It met in a situation of extraordinary difficulty. Overhanging the whole picture was that shadow of the impending Treaty; and it may be said at this point that resentment against and determination to reverse what almost the whole nation, with little distinction of class, regarded as an intolerable injustice, was the dominating motif in the entire history of the diminished state until the extinction of its own real independence. But the situation in the spring of 1920 was also replete with immediate problems. Four years of exhausting war, in which the nation had suffered very heavy casualties, two revolutions and a predatory foreign occupation (the Roumanians had looted the country with great thoroughness, carrying off, in particular, much of its rolling-stock) would have been hard enough to repair within intact frontiers; but on top of all this had come the further blows inflicted by the dismemberment of the country and the disintegration of the Monarchy. The whole national economy had been disrupted by the disappearance behind new barriers, abruptly erected and jealously guarded, of accustomed sources of supply and markets, and the surviving national resources were being further taxed by a great influx of refugees from the Successor States.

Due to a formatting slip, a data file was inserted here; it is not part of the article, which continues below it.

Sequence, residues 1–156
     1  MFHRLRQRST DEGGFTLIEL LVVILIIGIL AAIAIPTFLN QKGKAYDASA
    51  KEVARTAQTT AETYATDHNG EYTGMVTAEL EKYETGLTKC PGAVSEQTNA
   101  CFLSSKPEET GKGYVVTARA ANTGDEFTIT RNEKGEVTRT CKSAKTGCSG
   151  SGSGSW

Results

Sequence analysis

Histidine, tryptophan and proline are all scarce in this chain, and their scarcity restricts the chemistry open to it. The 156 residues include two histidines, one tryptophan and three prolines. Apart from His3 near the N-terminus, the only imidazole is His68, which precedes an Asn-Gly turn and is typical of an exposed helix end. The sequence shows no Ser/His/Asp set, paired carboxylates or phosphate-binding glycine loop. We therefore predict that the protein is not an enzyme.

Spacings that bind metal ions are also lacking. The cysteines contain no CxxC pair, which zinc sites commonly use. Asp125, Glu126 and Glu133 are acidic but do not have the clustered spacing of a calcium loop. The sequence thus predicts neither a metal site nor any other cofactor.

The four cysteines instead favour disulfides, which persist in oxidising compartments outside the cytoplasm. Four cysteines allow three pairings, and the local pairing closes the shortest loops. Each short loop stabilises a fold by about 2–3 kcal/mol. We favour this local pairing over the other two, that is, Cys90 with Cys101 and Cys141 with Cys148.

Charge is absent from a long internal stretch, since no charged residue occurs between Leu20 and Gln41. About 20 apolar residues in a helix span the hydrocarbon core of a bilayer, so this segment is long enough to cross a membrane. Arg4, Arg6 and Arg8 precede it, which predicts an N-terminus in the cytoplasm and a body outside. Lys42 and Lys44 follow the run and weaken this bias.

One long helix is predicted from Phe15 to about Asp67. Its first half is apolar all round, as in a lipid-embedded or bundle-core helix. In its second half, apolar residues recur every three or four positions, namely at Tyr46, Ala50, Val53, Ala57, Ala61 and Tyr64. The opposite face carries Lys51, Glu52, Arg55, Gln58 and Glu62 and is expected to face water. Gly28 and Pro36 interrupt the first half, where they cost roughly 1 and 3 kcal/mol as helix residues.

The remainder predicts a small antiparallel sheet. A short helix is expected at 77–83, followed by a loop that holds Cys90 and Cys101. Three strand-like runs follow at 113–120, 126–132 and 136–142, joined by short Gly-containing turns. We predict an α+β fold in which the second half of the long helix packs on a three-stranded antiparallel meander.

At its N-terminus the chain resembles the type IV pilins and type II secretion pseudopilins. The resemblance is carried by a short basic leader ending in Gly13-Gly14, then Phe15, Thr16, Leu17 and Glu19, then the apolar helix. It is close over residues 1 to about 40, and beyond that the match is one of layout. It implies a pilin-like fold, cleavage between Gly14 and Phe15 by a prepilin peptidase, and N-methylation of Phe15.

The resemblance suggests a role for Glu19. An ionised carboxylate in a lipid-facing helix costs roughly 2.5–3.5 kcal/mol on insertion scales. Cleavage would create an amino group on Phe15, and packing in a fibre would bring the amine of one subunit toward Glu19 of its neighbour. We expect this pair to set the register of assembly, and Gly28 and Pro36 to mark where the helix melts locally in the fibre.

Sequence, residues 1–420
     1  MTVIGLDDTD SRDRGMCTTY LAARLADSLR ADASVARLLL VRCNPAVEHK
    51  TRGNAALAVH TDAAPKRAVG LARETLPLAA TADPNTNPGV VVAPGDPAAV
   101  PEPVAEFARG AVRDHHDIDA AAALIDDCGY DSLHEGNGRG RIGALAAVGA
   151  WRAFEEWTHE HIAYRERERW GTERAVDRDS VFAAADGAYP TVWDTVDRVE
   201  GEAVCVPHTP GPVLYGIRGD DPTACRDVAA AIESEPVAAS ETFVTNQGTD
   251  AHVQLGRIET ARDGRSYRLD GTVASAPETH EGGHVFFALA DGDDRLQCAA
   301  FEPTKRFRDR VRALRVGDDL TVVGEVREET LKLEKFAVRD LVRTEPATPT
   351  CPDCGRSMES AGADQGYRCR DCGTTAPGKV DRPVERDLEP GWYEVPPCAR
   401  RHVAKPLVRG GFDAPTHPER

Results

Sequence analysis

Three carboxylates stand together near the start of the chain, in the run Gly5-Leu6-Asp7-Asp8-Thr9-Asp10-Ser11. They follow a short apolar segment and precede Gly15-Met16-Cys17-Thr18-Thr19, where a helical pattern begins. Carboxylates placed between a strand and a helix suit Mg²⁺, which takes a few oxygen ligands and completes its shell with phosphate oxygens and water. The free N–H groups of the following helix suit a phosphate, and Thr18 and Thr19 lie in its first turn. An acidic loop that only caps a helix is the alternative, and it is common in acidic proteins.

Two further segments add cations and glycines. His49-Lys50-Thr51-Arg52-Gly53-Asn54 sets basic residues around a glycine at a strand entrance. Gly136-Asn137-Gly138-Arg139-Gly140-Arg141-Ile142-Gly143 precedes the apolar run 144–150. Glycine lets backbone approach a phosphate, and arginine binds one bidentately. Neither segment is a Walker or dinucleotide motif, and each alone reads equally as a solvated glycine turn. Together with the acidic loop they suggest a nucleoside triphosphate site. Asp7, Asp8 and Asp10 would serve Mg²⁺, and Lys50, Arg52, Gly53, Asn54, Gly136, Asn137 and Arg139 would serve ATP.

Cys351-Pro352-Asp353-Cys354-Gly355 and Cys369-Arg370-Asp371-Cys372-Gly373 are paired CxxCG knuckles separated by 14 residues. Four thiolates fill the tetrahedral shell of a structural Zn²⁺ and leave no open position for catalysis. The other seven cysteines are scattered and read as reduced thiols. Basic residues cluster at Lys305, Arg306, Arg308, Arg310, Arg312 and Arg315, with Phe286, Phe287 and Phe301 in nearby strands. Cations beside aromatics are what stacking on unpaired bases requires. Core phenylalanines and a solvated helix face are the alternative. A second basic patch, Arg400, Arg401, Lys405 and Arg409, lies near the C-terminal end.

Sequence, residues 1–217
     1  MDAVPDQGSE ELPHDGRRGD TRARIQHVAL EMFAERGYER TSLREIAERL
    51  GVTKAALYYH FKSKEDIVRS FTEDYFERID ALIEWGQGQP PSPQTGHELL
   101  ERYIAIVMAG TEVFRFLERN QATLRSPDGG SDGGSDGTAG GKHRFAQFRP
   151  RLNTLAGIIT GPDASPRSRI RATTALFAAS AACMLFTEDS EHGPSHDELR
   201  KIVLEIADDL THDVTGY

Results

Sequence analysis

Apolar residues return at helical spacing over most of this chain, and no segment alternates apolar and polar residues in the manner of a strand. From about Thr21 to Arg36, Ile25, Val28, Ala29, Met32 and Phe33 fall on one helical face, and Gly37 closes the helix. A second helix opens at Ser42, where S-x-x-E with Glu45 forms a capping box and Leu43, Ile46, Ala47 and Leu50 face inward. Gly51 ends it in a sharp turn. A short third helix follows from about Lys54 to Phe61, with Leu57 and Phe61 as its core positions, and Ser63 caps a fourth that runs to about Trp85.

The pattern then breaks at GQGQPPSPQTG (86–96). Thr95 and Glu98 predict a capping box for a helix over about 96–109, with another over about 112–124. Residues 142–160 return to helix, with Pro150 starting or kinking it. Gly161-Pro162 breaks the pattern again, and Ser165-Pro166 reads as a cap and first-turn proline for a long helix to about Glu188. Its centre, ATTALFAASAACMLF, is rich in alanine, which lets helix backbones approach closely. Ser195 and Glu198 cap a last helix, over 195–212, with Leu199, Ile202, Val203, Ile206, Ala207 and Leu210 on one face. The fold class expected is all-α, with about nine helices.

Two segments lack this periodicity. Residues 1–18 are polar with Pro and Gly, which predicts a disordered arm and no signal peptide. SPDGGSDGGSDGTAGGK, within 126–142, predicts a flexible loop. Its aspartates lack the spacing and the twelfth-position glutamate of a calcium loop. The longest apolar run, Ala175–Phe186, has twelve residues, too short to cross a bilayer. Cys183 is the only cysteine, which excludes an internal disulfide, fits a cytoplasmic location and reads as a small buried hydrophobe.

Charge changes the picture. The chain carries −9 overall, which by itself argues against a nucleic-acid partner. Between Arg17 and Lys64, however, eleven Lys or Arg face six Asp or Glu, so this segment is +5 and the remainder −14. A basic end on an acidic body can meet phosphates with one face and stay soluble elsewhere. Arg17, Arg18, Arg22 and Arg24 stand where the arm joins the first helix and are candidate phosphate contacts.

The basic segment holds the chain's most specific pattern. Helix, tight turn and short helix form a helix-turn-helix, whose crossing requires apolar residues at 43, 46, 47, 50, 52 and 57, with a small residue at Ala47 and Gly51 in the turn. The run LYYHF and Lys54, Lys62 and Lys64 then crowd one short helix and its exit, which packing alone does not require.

Industrial unemployment had soared to unprecedented heights. Capital had fled headlong before the threat of Bolshevism; the national capital, estimated in 1910 at [sterling]51,794,000 foundation capital and [sterling]25,623,000 reserve capital, had dwindled by 1921 to [sterling]1,824,000 foundation and [sterling]1,153,000 reserve. The currency was following that of Austria, with which it was still linked, in a dizzy downward spiral of inflation. Shortage of labour during the war, exhaustion of stocks and deterioration of machinery had impaired even agricultural production.